San Francisco — Yahoo alerted users of its free email service Thursday that hackers slipped into accounts to loot information using stolen passwords.
The California company did not disclose the extent of the breach, but said that it is asking those affected to change their passwords.
“Security attacks are unfortunately becoming a more regular occurrence,” Yahoo senior vice president for platforms and personalization products Jay Rossiter said in a blog post.
“We regret this has happened and want to assure our users that we take the security of their data very seriously.”
A malicious computer program armed with Yahoo Mail passwords and usernames apparently slipped into accounts aiming to glean names and addresses from messages that had been sent, according to Rossiter.
Yahoo recently discovered the invasion and suspected that the passwords were snatched from a third-party database that the company did not disclose.
“We have no evidence that they were obtained directly from Yahoo’s systems,” Rossiter said.
Yahoo said it was working with federal authorities to investigate the breach.
What can the users do?
The company is resetting passwords on accounts that have been affected and is taking steps to allow users to re-secure their accounts. It is sending notification e-mails instructing those users to change their passwords; users may also receive a text message, if they’ve shared their phone number with the company.
It’s a song-and-dance that users may be tiring of, but it is important for Yahoo account holders who were swept up in the attack to change their passwords for immediately.
They should also change their log-in credentials for any account that may share their Yahoo password, particularly if they use their Yahoo e-mail as their username. The same is true if you use a similar e-mail address as the username — it’s not a big leap for hackers to think that you may be both [email protected] and [email protected]
Finally, everyone should also be on the lookout for spam, as the attack also appears to have picked up names and e-mail addresses for the most recent contacts from affected accounts, according to the company’s post.
If you get an odd e-mail from the Yahoo account of someone you know, ignore the message, and do not click on any links in the message. (It’s also be nice to let the person whose account has been hacked know about the fraudulent messages, so they can warn others to avoid the e-mails.)
According to an Adobe data analysis, “123456” was the most popular password among its millions of users.
Recently, Adobe users’ details were stolen during an attack on the company.
About 1.9 million people used “123456” sequence, according to analysis of data lost in the leak.
Online copies of the data have let security researchers find out more about users’ password-creating habits.
The analysis suggests that many people are making it easy for attackers by using easy-to-guess passwords.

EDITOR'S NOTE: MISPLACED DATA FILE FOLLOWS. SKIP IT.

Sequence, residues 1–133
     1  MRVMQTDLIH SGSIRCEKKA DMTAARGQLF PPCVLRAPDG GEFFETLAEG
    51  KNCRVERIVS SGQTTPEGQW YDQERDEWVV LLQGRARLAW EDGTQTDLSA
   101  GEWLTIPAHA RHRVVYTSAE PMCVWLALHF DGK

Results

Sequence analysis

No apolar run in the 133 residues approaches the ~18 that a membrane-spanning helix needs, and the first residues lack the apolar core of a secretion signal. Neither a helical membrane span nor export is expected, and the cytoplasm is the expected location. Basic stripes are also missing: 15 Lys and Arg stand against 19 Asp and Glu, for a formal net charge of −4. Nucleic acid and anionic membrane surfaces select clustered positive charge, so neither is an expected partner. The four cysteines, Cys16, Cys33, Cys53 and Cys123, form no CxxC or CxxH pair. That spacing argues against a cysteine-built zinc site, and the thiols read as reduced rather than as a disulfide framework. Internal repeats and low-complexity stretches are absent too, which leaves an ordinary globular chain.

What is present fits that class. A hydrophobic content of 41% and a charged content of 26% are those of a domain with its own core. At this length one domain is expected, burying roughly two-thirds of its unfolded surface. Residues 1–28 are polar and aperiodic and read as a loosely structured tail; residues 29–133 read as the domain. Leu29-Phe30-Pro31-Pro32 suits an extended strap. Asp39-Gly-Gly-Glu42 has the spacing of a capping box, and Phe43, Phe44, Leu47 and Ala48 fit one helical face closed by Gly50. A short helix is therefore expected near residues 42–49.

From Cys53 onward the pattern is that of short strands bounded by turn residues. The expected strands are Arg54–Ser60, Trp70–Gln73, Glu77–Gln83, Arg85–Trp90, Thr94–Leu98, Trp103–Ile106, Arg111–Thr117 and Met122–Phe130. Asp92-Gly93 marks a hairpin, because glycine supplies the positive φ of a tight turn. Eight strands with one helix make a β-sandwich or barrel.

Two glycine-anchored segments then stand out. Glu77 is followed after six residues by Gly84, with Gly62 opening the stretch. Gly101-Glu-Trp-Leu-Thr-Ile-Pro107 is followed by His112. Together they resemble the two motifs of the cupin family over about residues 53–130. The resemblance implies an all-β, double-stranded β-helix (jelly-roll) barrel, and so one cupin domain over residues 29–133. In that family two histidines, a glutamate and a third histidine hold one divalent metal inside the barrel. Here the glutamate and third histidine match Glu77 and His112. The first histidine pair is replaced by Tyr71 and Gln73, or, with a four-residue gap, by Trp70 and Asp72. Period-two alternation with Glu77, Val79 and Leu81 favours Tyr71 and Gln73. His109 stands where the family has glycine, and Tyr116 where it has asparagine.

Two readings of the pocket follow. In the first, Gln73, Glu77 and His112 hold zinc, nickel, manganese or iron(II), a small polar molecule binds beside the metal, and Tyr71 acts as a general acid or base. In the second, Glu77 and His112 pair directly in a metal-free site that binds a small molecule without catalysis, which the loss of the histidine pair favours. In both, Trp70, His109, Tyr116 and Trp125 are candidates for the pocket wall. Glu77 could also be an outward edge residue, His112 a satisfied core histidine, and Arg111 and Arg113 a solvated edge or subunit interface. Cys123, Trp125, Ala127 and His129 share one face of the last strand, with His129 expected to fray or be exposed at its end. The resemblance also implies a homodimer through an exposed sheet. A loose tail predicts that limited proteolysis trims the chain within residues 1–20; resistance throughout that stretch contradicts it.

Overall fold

On October 4, Adobe reported that its systems had been penetrated by attackers who had stolen the online credentials for millions of its users.
Early reports suggested about 2.9 million records had been compromised.
On October 30, this figure was revised; with Adobe saying information about 38 million active users had gone astray.
In total, information about more than 150 million accounts was stolen – but many of the other accounts were disused, abandoned or duplicates.
Adobe has now shut down all the compromised accounts, saying it will only reopen them once passwords have been changed.
Adobe users’ details were stolen during an attack on the company
Copies of the data that was exposed by the breach have begun circulating online and inspired security researcher Jeremi Gosney to go through it working out which password was most popular.
Top of the list, with 1.9 million entries, was the “123456” string of numbers. Second was the slightly longer “123456789” sequence.
Other popular easy-to-guess passwords included “adobe123”, “qwerty” and “password”.
Jeremi Gosney said the results of the analysis should be treated with caution because, so far, no-one had access to the keys that Adobe used to encrypt the data.
However, he added, flaws in the way Adobe had stored and encrypted passwords along with clues in the giant file of data had made it possible to draw up a list that he was “fairly confident” was accurate.
Computer security researchers who study password-creating habits have also seized on the data dump as a way to refine the word lists they use to attack login systems in a bid to make them more secure.
Lists of passwords and email addresses are a boon to attackers not just because they can be used to get access to the systems they were supposed to secure. Many people re-use the same password for different services potentially giving attackers a way into other networks.
Top 20 passwords